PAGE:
Harry Kane’s rise to prominence as a leading goalscorer for club and country seems to have happened overnight, but nothing could be further from the truth. After signing his first professional contract in July 2010, Kane had four separate loan spells with lower league clubs before becoming a regular for Tottenham and then his country’s No9.
The eight-year wait from becoming a professional to potentially featuring at a FIFA World Cup™ is similar to that of Alan Shearer, a previous incumbent of the No9 shirt for the Three Lions – with whom Kane is often compared. FIFA.com takes a closer look at the similarities between the prolific pair.
Years from turning pro, to World Cup bow
Kane: 8 (if he features against Tunisia on 18 June)
Alan Shearer’s World Cup wait was partly enforced by his country’s failure to reach USA 1994, but the forward still had an agonisingly long time between signing his first professional contract with Southampton in 1988 and making his first appearance on the global stage against Tunisia a decade later. Naturally, he scored after 42 minutes.
If Kane were to make his World Cup debut against the same side in Volgograd in June, it would constitute an eight-year wait after signing professional terms with Spurs in July 2010.
Shearer was 27 on his World Cup debut, and retired from international football in 2000, meaning he never appeared at another global finals. Kane will be 24 for his potential World Cup bow, meaning another finals appearance is far more likely.
England goals before World Cup debut
Shearer: 18 goals in 39 caps
Kane: 12 goals in 23 caps (correct as of 21 Feb 2018)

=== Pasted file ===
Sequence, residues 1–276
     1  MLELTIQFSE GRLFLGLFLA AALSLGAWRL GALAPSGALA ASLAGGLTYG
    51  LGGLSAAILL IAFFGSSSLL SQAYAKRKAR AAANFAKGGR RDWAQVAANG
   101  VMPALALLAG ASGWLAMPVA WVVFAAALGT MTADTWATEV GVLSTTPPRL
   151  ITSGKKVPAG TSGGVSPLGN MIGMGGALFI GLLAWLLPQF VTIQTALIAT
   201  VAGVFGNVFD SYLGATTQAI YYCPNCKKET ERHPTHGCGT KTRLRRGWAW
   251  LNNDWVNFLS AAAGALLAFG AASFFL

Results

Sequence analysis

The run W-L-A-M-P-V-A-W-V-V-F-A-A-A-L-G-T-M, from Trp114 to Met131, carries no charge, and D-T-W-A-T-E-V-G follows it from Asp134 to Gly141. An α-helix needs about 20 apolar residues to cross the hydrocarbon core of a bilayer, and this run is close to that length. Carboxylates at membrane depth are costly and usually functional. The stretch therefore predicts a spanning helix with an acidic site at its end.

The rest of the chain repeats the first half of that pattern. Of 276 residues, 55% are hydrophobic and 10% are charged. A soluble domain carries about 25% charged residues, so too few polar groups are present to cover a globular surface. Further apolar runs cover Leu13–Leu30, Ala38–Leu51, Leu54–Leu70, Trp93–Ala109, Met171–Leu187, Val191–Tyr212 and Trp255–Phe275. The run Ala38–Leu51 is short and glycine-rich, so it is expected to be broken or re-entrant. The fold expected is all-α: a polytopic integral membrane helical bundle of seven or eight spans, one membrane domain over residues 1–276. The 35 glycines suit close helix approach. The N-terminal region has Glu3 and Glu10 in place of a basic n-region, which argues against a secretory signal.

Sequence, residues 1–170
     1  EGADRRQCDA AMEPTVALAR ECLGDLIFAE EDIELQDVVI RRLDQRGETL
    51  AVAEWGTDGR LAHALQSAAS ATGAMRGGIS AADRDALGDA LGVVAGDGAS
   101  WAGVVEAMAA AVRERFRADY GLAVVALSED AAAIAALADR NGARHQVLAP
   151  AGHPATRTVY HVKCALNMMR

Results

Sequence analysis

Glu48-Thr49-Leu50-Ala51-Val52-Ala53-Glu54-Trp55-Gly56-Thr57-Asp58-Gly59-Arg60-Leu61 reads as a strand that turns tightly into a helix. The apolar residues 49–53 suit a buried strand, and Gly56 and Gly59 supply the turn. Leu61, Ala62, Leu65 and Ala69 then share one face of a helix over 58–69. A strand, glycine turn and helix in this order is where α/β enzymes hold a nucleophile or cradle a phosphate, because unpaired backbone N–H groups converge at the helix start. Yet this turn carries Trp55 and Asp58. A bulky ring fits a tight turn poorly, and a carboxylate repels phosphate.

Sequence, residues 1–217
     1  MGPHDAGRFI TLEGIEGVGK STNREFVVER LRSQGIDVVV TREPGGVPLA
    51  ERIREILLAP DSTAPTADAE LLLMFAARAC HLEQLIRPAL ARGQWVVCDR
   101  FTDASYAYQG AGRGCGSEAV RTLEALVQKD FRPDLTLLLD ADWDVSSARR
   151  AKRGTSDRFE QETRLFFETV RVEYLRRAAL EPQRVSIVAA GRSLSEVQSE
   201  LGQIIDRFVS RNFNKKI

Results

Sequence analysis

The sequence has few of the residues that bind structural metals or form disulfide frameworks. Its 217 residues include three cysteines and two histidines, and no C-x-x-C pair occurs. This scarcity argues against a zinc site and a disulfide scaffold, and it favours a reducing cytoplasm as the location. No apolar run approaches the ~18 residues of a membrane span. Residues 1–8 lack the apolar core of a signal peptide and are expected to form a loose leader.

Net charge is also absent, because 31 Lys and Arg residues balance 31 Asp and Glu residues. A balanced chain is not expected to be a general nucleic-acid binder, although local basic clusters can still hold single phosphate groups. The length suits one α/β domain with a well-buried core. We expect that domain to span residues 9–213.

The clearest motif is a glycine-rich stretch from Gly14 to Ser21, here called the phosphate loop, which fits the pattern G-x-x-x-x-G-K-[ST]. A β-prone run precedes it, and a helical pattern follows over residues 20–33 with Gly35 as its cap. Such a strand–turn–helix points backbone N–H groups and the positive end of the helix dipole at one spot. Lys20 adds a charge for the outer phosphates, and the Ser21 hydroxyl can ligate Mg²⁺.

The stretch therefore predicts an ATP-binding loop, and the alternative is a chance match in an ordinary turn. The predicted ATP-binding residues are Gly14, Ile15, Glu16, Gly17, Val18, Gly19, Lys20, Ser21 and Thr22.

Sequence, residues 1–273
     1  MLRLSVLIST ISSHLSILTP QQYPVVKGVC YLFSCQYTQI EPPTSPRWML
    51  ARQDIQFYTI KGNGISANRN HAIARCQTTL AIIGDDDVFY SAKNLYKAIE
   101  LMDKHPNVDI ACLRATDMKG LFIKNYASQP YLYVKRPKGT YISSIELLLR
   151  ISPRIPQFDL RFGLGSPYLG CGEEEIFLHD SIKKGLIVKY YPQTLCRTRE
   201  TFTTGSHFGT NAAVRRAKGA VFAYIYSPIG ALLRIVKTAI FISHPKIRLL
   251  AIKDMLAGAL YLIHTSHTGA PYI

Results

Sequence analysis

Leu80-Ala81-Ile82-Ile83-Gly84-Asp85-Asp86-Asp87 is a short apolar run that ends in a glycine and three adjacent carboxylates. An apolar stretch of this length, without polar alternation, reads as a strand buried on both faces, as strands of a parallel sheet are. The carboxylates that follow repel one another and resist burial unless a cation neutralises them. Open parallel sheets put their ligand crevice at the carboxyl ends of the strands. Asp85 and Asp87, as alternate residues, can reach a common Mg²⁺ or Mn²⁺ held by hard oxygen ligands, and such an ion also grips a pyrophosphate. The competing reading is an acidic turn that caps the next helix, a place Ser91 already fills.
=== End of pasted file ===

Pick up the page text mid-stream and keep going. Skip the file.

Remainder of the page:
The former Southampton, Blackburn and Newcastle man made his England debut six years before his first World Cup, giving him something of a head-start on Kane, who only became a full England international in 2015.
However, when taking goals per game into account, Kane has a slightly better record (0.52 goals per England game), than Shearer (0.46 goals per game) heading into his maiden World Cup.
Both Shearer and Kane scored important goals to help their respective sides reach the global finals. Captain Shearer equalised and scored the winner against Poland in the Three Lions’ first home qualifier on the road to France 1998, a crucial psychological victory in front of an expectant Wembley crowd after their failure to reach USA 1994.
Kane, captaining his country for the first time, scored a late leveller against Scotland at Hampden Park in June to seal a hugely important point. He then grabbed an even later winner against Slovenia at Wembley four months later that sealed England’s passage to Russia.
The benchmark against which Kane is most often compared to Shearer is that of Premier League goals. The Spurs man undoubtedly has his eyes on Shearer’s remarkable record of 260, having surpassed his century of goals in England’s top flight earlier this month.
Heading into France 1998, Shearer was some way ahead of Kane in terms of league goals, in his six Premier League seasons with both Blackburn Rovers and Newcastle.
As far as ratios go, Kane’s current record sees him weighing in at 0.71 goals per Premier League game, almost matching Shearer’s pre-France 1998 ratio of 0.75 goals per match.